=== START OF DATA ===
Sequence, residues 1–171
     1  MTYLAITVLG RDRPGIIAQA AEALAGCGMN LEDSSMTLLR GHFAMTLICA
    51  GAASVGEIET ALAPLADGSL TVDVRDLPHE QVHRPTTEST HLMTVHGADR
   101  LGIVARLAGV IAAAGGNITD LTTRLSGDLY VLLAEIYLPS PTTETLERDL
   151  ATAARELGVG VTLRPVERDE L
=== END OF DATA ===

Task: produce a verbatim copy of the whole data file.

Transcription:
Sequence, residues 1–171
     1  MTYLAITVLG RDRPGIIAQA AEALAGCGMN LEDSSMTLLR GHFAMTLICA
    51  GAASVGEIET ALAPLADGSL TVDVRDLPHE QVHRPTTEST HLMTVHGADR
   101  LGIVARLAGV IAAAGGNITD LTTRLSGDLY VLLAEIYLPS PTTETLERDL
   151  ATAARELGVG VTLRPVERDE L